It is not unusual in this day and age for men to go to a hair stylist who is a woman, or for a woman to go to a hair stylist who is a man. That was not the case back in the 1920's, 30's, and 40's, but Promise City, Iowa had a barber who was a woman. Read her story from March 25, 1948 in the Centerville, Iowa Daily Iowegian:
Promise City's Only Barber Is Mrs. Myrtle Wolfinger
Like Topsy Her Trade Just Grew
Promise City's only barber is a very nice lady. She is Mrs. Myrtle Wolfinger and she has been taking care of the haircuts in this eastern Wayne county city for more than two decades.
It all began, according to Mrs. Wolfinger, when ladies first stated considering "bobbed hair".
"They just couldn't go into a men's shop to have their hair cut," she said, (although later it became a more or less common custom). At any rate the ladies of Promise City, who wanted some barbering done, found that Mrs. Wolfinger seemed to have a particular knack for such things. Thus it was that she started helping some of her friends with their "bobbing" problems.
"At that time," said Mrs. Wolfinger, "I didn't have any idea of operating the only barber shop in Promise City, but that is what it lead to."
The time soon came when some of the men and young men of the city sought to have Mrs. Wolfinger extend her trade to cutting men's hair as well as that of the women. With some hesitancy, Mrs. Wolfinger did establish a regular barber shop and she is now known for and wide for her ability.
Just for instance one Centerville man will let no one else cut his hair and makes the trip to Promise City regularly. Mrs. Wolfinger lists among her regular customers people from Confidence, Corydon, Seymour, Clio, Allerton, and other points. She has some truckers who make it a point to stop for their tonsorial work although they may live as far away as Des Moines.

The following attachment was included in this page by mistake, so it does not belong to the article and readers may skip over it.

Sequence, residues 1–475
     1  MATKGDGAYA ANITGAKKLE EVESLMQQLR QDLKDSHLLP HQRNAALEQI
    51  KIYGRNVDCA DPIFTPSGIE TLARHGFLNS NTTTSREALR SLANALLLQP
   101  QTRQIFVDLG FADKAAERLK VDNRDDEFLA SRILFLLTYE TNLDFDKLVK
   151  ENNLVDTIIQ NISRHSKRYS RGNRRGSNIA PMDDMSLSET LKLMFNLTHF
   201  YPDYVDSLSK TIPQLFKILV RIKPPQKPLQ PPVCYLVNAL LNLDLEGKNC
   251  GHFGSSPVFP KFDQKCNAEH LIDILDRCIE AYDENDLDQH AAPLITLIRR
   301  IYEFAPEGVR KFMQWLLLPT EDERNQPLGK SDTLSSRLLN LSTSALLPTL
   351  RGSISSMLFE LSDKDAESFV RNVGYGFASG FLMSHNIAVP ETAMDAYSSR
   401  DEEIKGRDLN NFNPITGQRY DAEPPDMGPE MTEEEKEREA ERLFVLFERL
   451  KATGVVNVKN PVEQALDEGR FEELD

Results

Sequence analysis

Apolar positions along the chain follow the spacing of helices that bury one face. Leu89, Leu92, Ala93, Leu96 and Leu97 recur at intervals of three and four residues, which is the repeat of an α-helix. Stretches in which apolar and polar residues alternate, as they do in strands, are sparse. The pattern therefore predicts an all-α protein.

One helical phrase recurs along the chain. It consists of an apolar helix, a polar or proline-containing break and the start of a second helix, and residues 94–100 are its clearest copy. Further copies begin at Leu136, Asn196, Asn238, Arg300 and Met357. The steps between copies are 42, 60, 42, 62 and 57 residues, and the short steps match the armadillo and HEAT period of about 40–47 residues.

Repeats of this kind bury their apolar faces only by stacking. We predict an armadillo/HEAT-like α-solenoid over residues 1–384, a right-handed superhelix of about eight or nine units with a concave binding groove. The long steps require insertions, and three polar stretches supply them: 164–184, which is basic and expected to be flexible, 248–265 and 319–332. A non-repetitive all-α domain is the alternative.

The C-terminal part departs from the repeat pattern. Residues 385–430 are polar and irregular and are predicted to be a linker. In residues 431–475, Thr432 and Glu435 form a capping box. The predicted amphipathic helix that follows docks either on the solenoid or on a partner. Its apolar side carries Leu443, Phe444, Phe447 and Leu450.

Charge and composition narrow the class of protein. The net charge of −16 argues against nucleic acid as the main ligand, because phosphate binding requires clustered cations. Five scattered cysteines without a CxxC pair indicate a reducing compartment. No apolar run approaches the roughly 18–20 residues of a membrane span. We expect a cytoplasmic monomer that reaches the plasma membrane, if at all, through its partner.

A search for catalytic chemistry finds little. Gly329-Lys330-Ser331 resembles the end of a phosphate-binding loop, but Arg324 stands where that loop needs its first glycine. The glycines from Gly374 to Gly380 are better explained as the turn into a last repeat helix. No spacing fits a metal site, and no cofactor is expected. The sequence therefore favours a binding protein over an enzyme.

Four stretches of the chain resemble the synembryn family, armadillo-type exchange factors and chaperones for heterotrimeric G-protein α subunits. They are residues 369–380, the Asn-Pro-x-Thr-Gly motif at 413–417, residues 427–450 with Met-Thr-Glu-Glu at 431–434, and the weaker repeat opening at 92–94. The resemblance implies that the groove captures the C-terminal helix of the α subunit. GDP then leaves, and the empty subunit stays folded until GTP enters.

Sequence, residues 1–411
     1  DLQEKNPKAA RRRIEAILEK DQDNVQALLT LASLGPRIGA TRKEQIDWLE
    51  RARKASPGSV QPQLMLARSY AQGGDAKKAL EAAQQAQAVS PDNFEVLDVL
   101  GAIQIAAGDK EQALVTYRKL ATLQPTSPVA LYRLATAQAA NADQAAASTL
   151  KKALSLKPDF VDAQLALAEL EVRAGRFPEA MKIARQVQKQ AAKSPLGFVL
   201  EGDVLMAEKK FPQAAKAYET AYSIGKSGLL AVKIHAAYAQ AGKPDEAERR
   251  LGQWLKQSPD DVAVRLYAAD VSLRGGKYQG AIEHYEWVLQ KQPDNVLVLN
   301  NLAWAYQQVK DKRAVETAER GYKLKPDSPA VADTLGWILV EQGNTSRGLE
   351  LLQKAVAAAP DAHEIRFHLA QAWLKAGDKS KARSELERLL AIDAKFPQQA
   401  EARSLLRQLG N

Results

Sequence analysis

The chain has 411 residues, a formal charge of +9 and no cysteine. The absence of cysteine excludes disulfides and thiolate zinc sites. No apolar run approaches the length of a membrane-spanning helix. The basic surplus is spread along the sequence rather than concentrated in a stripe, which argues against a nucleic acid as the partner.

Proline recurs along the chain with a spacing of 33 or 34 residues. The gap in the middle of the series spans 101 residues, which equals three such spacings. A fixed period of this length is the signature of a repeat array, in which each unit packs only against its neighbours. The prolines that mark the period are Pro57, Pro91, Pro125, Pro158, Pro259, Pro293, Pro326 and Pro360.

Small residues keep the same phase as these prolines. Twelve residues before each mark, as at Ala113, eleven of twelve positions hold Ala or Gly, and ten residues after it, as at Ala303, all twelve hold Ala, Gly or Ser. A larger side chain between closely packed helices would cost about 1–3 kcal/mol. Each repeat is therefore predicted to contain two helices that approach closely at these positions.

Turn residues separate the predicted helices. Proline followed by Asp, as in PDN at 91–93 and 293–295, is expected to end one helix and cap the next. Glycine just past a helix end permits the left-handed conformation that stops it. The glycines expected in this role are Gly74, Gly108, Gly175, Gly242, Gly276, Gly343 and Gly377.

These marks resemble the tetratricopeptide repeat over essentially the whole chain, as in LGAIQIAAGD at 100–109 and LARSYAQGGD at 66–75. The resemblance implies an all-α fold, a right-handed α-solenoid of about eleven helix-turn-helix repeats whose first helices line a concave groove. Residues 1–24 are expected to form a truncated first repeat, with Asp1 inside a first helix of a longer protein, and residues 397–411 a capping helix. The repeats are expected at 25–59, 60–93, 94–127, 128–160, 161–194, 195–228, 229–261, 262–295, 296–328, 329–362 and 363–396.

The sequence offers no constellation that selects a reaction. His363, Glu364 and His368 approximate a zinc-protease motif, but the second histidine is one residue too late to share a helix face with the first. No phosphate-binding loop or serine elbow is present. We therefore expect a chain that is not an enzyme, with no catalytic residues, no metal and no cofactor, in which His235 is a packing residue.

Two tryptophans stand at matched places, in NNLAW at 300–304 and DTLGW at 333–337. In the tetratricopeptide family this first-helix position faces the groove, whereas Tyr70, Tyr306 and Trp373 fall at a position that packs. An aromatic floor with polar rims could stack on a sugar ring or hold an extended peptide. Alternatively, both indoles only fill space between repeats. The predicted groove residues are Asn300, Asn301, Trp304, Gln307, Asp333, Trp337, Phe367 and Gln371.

The barber shop is in the basement of the Wolfinger home and the barber chair is comfortably close to the furnace.
It is simple but adequate.
Mrs. Wolfinger does not shave anyone except to shave their necks. She believes that her customers can take care of their own shaving problems but few can do anything about cutting their own hair.
Mrs. Wolfinger will tell you that no two heads of hair are alike. She takes the woman's point of view. It isn't just a matter of cutting someone's hair and cutting it about the same as all the rest are cut. Mrs. Wolfinger studies each particular head and cuts the hair to suit the style of the head and hair.
"Now for instance," she says, "no one on earth can put your hat on for you satisfactorily. Really no one else can comb your hair. So far as barbering goes each person is very different from others and has to be considered that way."
And here is another little item. Haircuts at the Wolfinger barber shop are 25 cents each, believe it or not!
"Everybody says they should be higher," she says, "the state inspector really has a fit about the prices. But I get a large number of tips and I've never raised the price. I suppose they should be at least 35 or 50 cents tho'."
And what do men talk about in a lady's barber shop? Well, there is no swearing, no risque stories, and in fact according to Mrs. Wolfinger all of the men are perfect gentlemen. They really appreciate the shop in Promise City and they seem to enjoy the shop as much as they would an all men's shop.
Mrs. Wolfinger is also a housewife and carries on her activities just as any other wife might do, even to entertaining. The barber shop door is at the side of the house and there is a push button there. Anyone wanting service may push this button and go on into the basement room, which is quite apart from the rest of the home.
The house where Mrs. Wolfinger had her barber shop still stands. It is south of the Methodist Church across Highway 2. Mrs. Wolfinger was Anita Lord Wells' great grandmother, and Anita provided this article about Mrs. Wolfinger.